Composer Arnold Schoenberg.

(Photo: Florence Homolka/Schoenberg Archives)
Arnold Schoenberg’s atonal masterpiece “Pierrot Lunaire” often represents one of the more unusual -- and challenging -- pieces of repertoire encountered by students of classical music.

Written in 1912, the piece features dissonant harmonies, distinctive sprechstimme vocals blending speech and singing, and accompaniment from five instrumentalists playing different combinations of eight instruments.

“Pierrot” caused a sensation after its premiere, and the musicians toured Europe. Igor Stravinsky later described the influential piece as “the solar plexus as well as the mind of early 20th century music.” 

Paul Klee's 1924 painting "Pierrot Lunaire," inspired by Arnold Schoenberg's song cycle of the same name.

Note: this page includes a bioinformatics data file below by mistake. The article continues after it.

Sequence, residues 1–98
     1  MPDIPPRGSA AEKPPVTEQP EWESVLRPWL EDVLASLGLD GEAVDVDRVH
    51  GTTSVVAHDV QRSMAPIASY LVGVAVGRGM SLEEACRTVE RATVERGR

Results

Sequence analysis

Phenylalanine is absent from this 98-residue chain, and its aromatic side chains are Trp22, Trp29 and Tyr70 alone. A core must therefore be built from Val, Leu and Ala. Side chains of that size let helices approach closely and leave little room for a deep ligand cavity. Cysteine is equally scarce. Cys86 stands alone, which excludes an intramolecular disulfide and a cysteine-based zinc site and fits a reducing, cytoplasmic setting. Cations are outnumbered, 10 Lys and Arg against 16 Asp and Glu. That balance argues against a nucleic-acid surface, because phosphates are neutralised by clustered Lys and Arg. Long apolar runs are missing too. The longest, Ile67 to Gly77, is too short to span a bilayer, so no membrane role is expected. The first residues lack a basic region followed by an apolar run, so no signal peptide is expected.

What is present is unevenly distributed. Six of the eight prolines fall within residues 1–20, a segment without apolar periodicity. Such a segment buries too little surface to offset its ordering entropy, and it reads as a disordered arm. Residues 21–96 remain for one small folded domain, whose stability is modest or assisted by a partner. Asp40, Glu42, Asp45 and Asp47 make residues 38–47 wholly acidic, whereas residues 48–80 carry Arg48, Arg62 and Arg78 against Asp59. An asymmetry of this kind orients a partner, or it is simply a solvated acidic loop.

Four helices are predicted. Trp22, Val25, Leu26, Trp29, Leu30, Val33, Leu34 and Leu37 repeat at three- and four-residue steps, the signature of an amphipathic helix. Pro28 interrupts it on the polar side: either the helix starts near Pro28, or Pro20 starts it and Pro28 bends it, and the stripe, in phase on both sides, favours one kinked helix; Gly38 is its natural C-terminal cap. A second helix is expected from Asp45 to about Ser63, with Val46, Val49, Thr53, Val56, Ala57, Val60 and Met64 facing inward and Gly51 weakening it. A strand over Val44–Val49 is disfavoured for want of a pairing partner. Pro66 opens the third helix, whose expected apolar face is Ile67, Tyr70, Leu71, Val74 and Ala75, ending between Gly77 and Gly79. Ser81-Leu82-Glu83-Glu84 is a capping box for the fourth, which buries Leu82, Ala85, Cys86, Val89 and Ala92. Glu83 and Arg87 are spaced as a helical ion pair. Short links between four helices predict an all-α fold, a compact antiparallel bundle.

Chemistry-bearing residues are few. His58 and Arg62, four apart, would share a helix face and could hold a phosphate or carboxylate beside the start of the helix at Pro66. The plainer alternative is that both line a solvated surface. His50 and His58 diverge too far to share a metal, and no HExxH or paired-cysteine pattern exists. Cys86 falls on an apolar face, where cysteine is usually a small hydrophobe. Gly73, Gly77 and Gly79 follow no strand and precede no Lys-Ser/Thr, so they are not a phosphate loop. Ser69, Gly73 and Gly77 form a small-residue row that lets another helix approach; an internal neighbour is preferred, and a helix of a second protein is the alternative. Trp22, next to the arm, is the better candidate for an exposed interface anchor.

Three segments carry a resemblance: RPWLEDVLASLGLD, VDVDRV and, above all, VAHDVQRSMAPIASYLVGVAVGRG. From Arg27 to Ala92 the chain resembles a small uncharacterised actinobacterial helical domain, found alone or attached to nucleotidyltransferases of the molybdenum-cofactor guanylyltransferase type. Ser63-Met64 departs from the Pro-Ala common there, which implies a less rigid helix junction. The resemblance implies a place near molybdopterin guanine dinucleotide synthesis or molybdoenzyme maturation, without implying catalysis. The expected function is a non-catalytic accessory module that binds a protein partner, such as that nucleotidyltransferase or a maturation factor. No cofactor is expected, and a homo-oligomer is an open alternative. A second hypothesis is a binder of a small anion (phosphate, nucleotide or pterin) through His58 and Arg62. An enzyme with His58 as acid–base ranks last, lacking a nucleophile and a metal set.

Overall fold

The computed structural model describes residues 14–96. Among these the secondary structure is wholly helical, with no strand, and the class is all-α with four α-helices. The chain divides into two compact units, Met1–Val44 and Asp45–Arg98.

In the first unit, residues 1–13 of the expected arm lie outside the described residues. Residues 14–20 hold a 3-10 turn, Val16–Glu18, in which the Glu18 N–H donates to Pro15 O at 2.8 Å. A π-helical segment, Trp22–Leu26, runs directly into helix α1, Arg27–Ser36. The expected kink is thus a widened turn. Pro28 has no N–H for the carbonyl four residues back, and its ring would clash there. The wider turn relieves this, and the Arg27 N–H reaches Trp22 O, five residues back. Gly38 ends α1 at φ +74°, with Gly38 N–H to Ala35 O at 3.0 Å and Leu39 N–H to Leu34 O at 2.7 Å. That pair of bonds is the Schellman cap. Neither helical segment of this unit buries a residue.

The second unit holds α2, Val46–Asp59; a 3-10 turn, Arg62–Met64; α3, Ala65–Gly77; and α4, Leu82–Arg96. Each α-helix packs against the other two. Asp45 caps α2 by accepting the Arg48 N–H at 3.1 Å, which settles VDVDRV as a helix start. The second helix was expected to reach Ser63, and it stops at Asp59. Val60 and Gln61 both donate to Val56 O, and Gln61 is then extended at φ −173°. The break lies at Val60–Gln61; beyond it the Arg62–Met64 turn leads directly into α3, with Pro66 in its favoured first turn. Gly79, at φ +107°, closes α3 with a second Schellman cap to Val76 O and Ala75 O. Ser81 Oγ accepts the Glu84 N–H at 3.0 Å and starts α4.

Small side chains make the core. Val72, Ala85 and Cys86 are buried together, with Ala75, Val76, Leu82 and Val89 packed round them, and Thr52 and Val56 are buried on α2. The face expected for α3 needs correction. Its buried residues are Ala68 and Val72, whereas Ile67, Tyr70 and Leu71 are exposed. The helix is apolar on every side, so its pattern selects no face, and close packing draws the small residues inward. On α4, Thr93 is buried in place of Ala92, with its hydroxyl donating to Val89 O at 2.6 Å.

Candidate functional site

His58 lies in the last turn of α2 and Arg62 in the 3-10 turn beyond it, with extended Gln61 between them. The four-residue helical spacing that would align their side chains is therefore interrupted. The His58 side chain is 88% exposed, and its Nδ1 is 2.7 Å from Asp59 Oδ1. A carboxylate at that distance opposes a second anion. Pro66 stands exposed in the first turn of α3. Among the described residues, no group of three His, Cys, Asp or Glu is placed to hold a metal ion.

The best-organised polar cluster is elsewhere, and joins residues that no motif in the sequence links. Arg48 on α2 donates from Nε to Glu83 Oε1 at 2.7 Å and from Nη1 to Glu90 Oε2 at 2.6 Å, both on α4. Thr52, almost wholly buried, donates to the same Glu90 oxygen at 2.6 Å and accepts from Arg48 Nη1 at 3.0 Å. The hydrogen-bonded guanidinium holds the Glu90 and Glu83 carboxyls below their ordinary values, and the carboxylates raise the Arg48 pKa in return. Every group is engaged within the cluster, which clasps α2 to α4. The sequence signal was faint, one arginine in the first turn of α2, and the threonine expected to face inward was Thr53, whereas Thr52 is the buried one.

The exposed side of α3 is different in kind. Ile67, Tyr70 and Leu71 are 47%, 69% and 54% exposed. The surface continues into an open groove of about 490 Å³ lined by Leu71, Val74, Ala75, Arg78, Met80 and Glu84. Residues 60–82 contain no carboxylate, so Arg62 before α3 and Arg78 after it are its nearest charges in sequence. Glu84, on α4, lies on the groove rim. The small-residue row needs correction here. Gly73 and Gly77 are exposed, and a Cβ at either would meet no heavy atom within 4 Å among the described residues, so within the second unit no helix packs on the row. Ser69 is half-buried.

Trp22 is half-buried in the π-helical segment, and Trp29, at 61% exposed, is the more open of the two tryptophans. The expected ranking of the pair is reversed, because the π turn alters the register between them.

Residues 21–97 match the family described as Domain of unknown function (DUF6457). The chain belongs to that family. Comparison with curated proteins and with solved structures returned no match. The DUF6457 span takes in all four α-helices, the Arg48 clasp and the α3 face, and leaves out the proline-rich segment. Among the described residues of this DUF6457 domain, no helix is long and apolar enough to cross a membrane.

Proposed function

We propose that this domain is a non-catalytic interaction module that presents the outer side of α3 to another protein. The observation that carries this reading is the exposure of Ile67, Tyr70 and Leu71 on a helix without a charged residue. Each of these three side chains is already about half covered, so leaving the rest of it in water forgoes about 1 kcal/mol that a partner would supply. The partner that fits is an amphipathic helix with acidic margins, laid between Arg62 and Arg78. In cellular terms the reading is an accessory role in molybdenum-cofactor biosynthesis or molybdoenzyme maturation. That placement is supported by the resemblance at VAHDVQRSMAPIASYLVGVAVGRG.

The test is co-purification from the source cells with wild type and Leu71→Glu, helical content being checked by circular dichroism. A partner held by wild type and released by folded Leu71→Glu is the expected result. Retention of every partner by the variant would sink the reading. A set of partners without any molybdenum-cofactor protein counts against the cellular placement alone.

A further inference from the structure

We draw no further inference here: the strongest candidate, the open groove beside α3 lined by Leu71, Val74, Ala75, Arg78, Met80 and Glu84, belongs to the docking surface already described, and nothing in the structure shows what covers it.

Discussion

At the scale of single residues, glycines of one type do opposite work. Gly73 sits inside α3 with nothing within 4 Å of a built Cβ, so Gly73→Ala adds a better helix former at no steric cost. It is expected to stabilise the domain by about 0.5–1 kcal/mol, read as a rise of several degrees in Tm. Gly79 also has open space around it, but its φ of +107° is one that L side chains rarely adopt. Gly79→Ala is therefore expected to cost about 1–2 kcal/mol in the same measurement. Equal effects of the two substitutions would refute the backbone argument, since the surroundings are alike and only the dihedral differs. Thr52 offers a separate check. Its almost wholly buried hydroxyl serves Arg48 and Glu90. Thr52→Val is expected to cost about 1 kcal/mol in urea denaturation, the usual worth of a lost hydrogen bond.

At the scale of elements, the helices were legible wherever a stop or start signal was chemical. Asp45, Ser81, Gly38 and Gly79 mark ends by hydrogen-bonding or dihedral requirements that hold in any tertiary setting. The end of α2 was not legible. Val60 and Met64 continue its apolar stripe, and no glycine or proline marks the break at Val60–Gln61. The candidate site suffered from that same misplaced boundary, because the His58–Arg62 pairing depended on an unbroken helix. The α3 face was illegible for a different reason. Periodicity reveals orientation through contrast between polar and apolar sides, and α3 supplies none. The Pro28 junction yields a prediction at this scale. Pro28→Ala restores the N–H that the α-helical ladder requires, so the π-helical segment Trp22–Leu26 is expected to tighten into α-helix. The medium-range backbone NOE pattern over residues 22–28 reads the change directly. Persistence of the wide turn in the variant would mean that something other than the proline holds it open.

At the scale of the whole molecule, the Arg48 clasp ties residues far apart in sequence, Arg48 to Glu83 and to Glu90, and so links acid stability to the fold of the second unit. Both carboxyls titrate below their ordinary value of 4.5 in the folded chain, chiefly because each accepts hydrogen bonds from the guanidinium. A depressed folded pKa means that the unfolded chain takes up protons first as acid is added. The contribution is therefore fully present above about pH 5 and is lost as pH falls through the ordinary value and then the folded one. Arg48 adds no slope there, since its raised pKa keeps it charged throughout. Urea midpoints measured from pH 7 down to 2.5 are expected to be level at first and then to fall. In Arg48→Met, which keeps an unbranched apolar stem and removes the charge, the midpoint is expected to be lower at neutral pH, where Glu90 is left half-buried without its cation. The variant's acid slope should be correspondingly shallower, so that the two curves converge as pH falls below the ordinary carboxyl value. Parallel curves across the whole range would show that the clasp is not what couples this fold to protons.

(Photo: Public domain)
A handful of University of Denver students learned about “Pierrot” recently and decided they wanted to perform it. The musicians asked for guidance from University of Denver professor Richard von Foerster, who teaches theory, musicology and composition.

The musicians will unveil the results in a free concert at 7:30 p.m. Tuesday at Our Father Lutheran Church, 6335 S. Holly St. in Centennial.

Click the audio above to hear two of the musicians, flutist Nick Booker and clarinetist Philip Strom, discuss "Pierrot Lunaire" with von Foerster.

Watch a video of Chicago Symphony musicians performing the piece:

Musicians from the Chicago Symphony perform Arnold Schoenberg's "Pierrot Lunaire."

 

Colorado Spotlight will also feature a recording of "Pierrot Lunaire" at 7 p.m. Monday.